The Studio is not new to the PSP community. We conducted in-person Studios at our San Francisco campus during the late 1980s and early 1990s. Specifically, we offered a series of film festivals, during which we would all view a movie (or documentary) and spend time sharing our perspectives on what we have viewed and exploring its psychological ramifications. These Friday evening events culminated in a series of lectures and film viewing that was co-sponsored by the Berkeley Film Institute. This final festival was led by a noted psychoanalyst, Glen Gabbard, who had recently written a book about cinema and psychology (Krin Gabbard and Glen Gabbard (1987) Psychiatry and the Cinema, Chicago: U. of Chicago Press.
The New PSP Studio Program
We initiated a program in 2020 that once again features films (and documentaries). The format for this film festival program is somewhat different, of course, given the much broader geography of PSP at the present time (with members of the Global PSP community from 10 countries) and the opportunity to interact with one another digitally (via Zoom). We invite participants to independently view the film (or documentary) ahead of time. Then we convene a Saturday Zoom session (1 ½ hours in length) to share our perspective on the film or documentary. The time zone challenges are met by scheduling our Zoom call at 9am in the Eastern USA and Canada, which is 6am on the West Coast in USA and Canada, 5pm in Europe and Israel, and either 9pm or 10pm in Asia. The PSP Studio is intended as a virtual setting in which participants can share their own personal perspectives on the film or documentary that they have each viewed—as well as engage in a dialogue regarding the psychological ramifications of the movie’s or documentary’s theme(s).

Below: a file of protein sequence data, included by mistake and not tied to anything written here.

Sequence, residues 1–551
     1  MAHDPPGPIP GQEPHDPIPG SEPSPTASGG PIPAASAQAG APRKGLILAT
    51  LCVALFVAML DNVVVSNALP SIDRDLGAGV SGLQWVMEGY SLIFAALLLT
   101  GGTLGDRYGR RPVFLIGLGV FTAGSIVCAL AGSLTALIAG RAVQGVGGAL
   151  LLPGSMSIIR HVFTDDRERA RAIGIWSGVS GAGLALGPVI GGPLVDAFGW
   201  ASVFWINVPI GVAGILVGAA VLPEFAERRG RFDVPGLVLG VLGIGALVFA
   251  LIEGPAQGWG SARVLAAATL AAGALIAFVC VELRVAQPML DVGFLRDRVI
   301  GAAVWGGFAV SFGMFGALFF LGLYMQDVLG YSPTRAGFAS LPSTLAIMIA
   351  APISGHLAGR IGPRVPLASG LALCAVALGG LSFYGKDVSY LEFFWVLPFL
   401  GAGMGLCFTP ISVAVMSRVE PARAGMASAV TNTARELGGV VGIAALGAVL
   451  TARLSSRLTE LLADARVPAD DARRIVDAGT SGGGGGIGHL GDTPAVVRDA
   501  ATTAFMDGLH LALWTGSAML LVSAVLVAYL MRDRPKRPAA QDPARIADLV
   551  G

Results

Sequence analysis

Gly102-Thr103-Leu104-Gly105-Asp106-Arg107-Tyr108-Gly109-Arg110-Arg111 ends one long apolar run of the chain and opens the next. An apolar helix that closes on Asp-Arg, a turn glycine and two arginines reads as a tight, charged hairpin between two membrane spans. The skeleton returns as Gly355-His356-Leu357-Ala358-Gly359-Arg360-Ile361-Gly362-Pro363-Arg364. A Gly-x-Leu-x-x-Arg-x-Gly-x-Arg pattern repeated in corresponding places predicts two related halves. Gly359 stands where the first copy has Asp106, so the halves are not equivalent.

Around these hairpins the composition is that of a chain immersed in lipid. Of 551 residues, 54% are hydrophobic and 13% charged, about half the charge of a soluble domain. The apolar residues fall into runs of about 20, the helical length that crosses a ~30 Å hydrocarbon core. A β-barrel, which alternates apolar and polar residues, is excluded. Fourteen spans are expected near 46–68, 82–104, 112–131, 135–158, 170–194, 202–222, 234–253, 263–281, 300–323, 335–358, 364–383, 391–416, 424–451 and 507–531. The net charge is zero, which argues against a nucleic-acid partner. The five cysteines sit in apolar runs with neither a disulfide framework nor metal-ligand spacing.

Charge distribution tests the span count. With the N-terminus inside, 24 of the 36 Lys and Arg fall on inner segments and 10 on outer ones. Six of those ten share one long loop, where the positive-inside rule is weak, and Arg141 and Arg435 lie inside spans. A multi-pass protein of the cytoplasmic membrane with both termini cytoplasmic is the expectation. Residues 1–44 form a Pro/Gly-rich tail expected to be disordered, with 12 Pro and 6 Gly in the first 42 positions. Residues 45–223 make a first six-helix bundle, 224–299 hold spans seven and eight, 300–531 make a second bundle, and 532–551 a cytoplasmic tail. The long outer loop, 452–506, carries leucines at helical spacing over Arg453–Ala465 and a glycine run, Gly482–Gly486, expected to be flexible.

One Other Studio Outcome
There is one other objective associated with the PSP Studio. Many of our graduates (especially those holding a psychodynamic perspective) are now involved in something called “relational psychotherapy” –which is associated in turn with the concept of “intersubjectivity”. This perspective concerns a focus on the third entity in the therapy room – this being the relationship between therapist and client. Intersubjectivity essentially involves the reality created in every relationship formed between two people. All of this leads to our additional objective for each Studio.
We devote the last fifteen minutes of each studio session to identifying ways in which this film might be used as an adjunct to therapy sessions (or coaching or consulting sessions). The film becomes a third entity in the room and can help to animate deeper and broader explorations of the intersubjective relationship between these entities). We take the recommendations and insights coming out of these 15 -minute sessions to create one or more new PSP certificate programs on Art/Film-Enhanced Human Services (Therapy/Coaching/Consulting). These programs will be led by Studio participants who have helped to create the new therapy/coaching/consulting tool and strategy. Rather than an image being used simply as an assessment tool (such as the TAT and Rorschach are now being used), it can be used as a source of animation for building, expanding and enriching the therapy, coaching or consulting engagement.